Posted on September 28th, 2016 by Rachel
Last week I observed a beautiful moment for the Jewish Museum of Maryland and we are not ready for the Festival of Lights yet! For the past 10 years there was no mezuzah affixed to the doorpost of the Lloyd Street Synagogue. When the building went under renovations roughly 10 years ago, the mezuzah that had been on the building had been misplaced. The beautiful moment I witnessed was the mezuzah being affixed once again to the building- or a Hanukkat (Dedication) of the Lloyd Street Synagogue.
The Lloyd Street Synagogue
The mezuzah is of biblical origin and there is reference to it in the Torah or Five Books of Moses. “And you shall inscribe them on the doorposts (mezuzot) of our house and on your gates” (Deuteronomy 6:9, 11:20). What is to be inscribed? The passage reads, “The words that I shall tell you this day”: that you shall love your God, believe only in Him, keep His commandments, and pass all of this on to your children.
An important part of the mezuzah refers to the parchment inside, or klaf, on which the verses of the Torah are inscribed. The klaf must be hand-lettered by a kosher scribe — one who is observant of halakha (Jewish law) and who qualifies for the task. The scroll is rolled up from left to right so that when it is unrolled the first words appear first. The scroll is inserted into the container but should not be permanently sealed because twice in seven years the parchment should be opened and inspected to see if any of the letters have faded or become damaged.
A mezuzah serves two functions: Every time you enter or leave, the mezuzah reminds you that you have a covenant with God; second, the mezuzah serves as a symbol to everyone else that this particular dwelling is constituted as a Jewish household, operating by a special set of rules, rituals, and beliefs.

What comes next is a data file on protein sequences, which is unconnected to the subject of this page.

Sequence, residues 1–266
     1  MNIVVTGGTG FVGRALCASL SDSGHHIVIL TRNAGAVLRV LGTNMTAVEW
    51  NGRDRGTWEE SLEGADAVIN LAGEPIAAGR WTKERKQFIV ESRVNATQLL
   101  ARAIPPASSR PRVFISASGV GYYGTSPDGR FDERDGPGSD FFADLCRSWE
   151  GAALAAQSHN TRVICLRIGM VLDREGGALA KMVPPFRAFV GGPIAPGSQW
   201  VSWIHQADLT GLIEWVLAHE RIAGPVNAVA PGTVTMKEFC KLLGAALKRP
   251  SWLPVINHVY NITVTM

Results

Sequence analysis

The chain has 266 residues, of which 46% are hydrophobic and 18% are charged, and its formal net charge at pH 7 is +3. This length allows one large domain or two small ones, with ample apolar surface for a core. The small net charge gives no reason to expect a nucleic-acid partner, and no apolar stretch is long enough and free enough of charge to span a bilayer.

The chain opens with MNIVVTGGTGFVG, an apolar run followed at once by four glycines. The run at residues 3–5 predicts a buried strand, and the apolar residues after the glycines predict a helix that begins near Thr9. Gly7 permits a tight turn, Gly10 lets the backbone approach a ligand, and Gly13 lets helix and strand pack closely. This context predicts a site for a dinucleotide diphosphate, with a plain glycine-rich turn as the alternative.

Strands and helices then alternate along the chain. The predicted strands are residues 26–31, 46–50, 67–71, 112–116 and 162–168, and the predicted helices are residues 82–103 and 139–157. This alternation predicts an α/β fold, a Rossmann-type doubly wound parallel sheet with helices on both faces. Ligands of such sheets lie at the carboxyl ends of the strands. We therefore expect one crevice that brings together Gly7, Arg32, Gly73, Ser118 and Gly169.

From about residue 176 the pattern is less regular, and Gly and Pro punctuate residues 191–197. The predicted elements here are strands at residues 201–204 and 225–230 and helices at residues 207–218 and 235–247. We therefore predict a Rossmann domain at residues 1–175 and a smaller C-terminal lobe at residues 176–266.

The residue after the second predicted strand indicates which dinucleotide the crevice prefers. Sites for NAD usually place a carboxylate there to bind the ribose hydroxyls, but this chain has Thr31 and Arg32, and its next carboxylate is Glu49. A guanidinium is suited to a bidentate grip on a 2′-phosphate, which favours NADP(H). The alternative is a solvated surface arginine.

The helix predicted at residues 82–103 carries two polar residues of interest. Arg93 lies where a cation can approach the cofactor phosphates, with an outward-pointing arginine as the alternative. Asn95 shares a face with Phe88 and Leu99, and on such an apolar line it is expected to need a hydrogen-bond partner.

Rabbi Mintz speaks about the scroll inside the mezuzah.
Rabbi Eitan Mintz helped us with the dedication ceremony and shared with us some interesting facts about the placement of a mezuzah. Many Jews tilt the mezuzah so that the top slants toward the room into which the door opens. This is done to accommodate the variant opinions of the great Jewish thinkers Rashi and of his grandson, Rabbeinu Tam, as to whether the mezuzah should be placed vertically (Rashi) or horizontally (Rabbeinu Tam). The compromise solution (top slant) was suggested by Rabbi Jacob ben Asher.
Rabbi Mintz and Marvin shake on a job well done!
JMM Executive Director, Marvin Pinkert held the mezuzah against the spot upon which it is now affixed, and we all recited the blessing in Hebrew…
בָּרוּךְ אַתָּה יי אֱלֹהֵינוּ מֶלֶךְ הָעוֹלָם, אֲשֶׁר קִדְּשַׁנוּ בְּמִצְוֹתָיו וְצִוָּנוּ לִקְבּוֹעַ מְזוּזָה
Barukh atah Adonai Eloheinu melekh ha‘olam, asher kideshanu bemitzvotav vetzivanu liqboa‘ mezuzah.
Blessed are You, Lord our God, King of the Universe, Who sanctified us with His mitzvot and commanded us to affix a mezuzah.
We hope that you will come down to the JMM to see our new mezuzah in the Lloyd Street Synagogue and other recent additions to the space.
A blog post by Education Director Ilene Dackman-Alon. To read more posts by Ilene click HERE.
Posted on July 3rd, 2012 by Rachel